Pages tagged "cultivation"

  • ASA adds workshops to CA lobby day to support local advocacy

    CA Capitol from the Rose GardenThe California Citizen Lobby Day is just one month away. Get registered now so that we have time to schedule an appointment for you with your state Assembly Member and Senator on Monday, June 15. We are requesting a $25 donation to help defer the costs of the event, but no one will be turned away for lack of funds.

    This year’s lobby day is actually two days. We will have two workshops on Sunday, June 14, designed to support local advocacy. ASA Director of Patient Focused Certification Kristin Nevadal will be talking about challenges and solutions for regulating medical cannabis cultivation. Advocates can use this expert information to help stem the tide of city and county cultivation bans. I will also be presenting a workshop on using voter initiatives to adopt medical cannabis ordinances or repeal bans.

    The workshops are from 1:00 to 5:00 PM on Sunday. You need to buy tickets in advance, because workshop space is limited to 100 people. Tickets are $15 for one workshop of $25 for both. Register, see the full schedule, and get all the event details online at http://californiacitizenlobbyday.org

    Scroll down for all the medical cannabis news, events, action alerts, court support, and chapter meetings. 

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  • Happy MLK Day, California!

    Town Hall pictureHappy Martin Luther King, Jr. Day, California! I hope you are all having a safe and healthy holiday. There is good news and bad news at the local level in this week’s California Weekly Roundup. The good news is that the Pinoleville Pomo Nation, a Native American tribe in Mendocino County, will soon start cultivating medical cannabis on tribal land. And I am also happy to see the City of San Diego continuing its march towards safe and legal access in Southern California.

    Unfortunately, there is bad news for patients in other communities. The City of Vallejo just voted to close all of the patients’ collectives there, and Kern County is suing local providers. You will also see a short piece this week about plans to ban outdoor cultivation in Redding.

    While the prospects for medical cannabis look good for the state on the long term, patients and providers are still stuck in crosscurrents at the city and county level. Local advocacy is still important, and I want to help you succeed in your hometown. You can use ASA’s free online Medical Cannabis Advocates Training Center to learn advocacy skills, craft a strategy, and build a coalition. You can also use this weekly email blast to let others know about community meetings, city council meetings, and other important events. Just send an email to [email protected] before 12:00 PM on Friday to be included in Monday's distribution.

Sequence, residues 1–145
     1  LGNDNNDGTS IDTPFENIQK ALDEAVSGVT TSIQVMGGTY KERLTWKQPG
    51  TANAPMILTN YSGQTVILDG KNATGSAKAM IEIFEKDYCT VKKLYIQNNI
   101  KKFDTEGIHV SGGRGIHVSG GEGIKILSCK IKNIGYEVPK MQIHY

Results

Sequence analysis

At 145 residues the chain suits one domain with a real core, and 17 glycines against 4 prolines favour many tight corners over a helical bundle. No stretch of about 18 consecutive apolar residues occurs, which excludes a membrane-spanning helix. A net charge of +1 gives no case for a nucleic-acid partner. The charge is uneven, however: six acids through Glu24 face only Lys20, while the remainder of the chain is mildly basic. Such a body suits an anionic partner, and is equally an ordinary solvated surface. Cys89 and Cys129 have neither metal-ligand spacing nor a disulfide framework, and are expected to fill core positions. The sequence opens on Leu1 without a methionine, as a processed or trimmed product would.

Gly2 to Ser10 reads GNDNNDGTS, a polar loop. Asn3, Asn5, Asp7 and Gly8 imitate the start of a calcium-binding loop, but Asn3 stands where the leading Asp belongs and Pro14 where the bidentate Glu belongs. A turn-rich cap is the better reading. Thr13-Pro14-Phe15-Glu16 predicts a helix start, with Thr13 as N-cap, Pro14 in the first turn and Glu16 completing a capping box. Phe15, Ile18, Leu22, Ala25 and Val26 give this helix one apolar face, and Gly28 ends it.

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  • Maral v. Live Oak – Local Politics Matter

    A local ban on all medical cannabis cultivation stands after the California Supreme Court refused to hear an appeal on Wednesday in Maral v. Live Oak, an appellate decision permitting cities and counties to prevent patients from growing their own medicine, despite the fact that it is allowed under state law. The decision means that a ban on all cultivation adopted by the City of Live Oak in 2011 will be precedent for other cities and counties to follow.

    The Maral decision is a second blow to patients’ rights in California. Last year, the state supreme court held in Riverside v. Inland Empire Patients Health and Wellness Center that local governments could ban distribution of legal medicine. Maral and Riverside are a one-two punch for California patients and providers. By allowing local governments to prevent any cultivation or distribution of medical cannabis, the courts are, in effect, authorizing jurisdictions to opt out of crucial parts of Proposition 215.